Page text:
The Olympics originated in Ancient Greece an estimated 3000 years ago in honour of the God Zeus. When the Games were revived in the 19th century the focus shifted to saluting the super human talents of the worlds athletes. With elite athletes training an average of 25-30 hours a week, do all those hours contribute to an Olympians longevity?
In a study conducted in the United States in 2021, researchers assessed the longevity and the years of life lost or saved due to multiple cases of death between Olympic athletes and the general population.
The study looked at 8124 former US athletes who had participated in the Olympic Games at least once between 1912 and 2012. They analysed their dates of birth, death and underlying causes of death.
The result of the study found that US Olympians lived an average of 5 years longer than their peers. This was mostly due to:
- A lower rate of premature cardiovascular deaths. Which led to a 2 year life extension
- A lower risk of cancer. Which led to a 1.5 year life extension
- Decreased death rates from respiratory, digestive, endocrine and metabolic diseases also contributed to a longer Olympian lifespan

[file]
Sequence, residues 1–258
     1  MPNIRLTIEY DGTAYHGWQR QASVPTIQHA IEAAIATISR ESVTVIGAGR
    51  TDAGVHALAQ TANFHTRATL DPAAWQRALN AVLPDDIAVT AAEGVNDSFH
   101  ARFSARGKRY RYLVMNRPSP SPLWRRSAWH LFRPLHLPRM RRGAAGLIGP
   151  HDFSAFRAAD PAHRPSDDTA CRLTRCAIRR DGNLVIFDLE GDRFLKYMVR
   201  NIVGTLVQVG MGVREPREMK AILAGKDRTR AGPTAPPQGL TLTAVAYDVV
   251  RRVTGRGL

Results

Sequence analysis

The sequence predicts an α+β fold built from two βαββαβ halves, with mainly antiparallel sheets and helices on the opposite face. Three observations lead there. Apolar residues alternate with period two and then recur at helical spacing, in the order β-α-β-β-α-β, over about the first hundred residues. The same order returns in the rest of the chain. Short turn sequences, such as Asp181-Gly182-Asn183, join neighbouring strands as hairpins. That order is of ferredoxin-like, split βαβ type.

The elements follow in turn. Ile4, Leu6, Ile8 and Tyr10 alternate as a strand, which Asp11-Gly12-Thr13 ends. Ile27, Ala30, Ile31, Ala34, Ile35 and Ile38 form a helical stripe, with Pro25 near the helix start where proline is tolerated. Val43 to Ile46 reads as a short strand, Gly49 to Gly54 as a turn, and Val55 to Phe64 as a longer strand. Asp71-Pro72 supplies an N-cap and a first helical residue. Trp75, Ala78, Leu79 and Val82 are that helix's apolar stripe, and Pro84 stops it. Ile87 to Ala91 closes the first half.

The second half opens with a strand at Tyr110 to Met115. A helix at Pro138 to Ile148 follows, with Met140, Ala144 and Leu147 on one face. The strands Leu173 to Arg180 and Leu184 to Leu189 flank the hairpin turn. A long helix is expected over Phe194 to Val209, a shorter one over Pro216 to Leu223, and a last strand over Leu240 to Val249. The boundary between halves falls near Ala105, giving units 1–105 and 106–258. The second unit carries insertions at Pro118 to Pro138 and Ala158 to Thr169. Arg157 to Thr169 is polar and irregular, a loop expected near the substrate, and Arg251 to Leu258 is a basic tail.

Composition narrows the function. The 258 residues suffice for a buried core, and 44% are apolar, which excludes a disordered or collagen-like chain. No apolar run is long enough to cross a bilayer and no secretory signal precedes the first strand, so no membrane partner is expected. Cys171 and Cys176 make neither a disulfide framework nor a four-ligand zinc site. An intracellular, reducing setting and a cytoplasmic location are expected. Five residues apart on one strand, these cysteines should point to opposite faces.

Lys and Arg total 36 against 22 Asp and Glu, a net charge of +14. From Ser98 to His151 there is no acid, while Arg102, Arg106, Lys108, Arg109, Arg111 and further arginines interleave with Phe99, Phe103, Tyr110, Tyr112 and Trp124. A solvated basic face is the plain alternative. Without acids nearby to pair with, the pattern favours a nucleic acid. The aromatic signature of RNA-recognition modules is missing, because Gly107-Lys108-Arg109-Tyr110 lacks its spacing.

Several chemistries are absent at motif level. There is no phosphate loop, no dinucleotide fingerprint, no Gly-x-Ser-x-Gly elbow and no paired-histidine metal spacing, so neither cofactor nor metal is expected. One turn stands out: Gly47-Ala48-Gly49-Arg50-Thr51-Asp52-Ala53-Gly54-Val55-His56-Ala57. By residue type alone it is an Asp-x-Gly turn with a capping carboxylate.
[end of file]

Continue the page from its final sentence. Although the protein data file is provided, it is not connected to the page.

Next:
We can’t all be Olympians but there are things we can do to keep fit and healthy. According to the Australian Department of Health, adults (18 to 64) should be active on most days.
We should be doing:
- 2.5 to 5 hours of moderate intensity physical activity. For example, walking, swimming or even mowing the lawn
- 1.25 to 2.5 hours of vigorous intensity physical activity. For example, jogging, cycling or playing netball
- Muscle strengthening activities at least 2 days each week. For example, squats, push ups and lifting weights
If you’re not quite meeting these activity requirements but are wanting a change, give us a call to inquire about our one on one or group physio pilates led sessions to get you back on track.
J., Antero, H., Tanaka, Q., De Larochelambert, M., Pohar-Perme, J. F., Toussaint (2021). Female and male US Olympic athletes live 5 years longer than their general population counterparts: a study of 8124 former US Olympians. British Journal of Sports Medicine 2021; 55:206-212.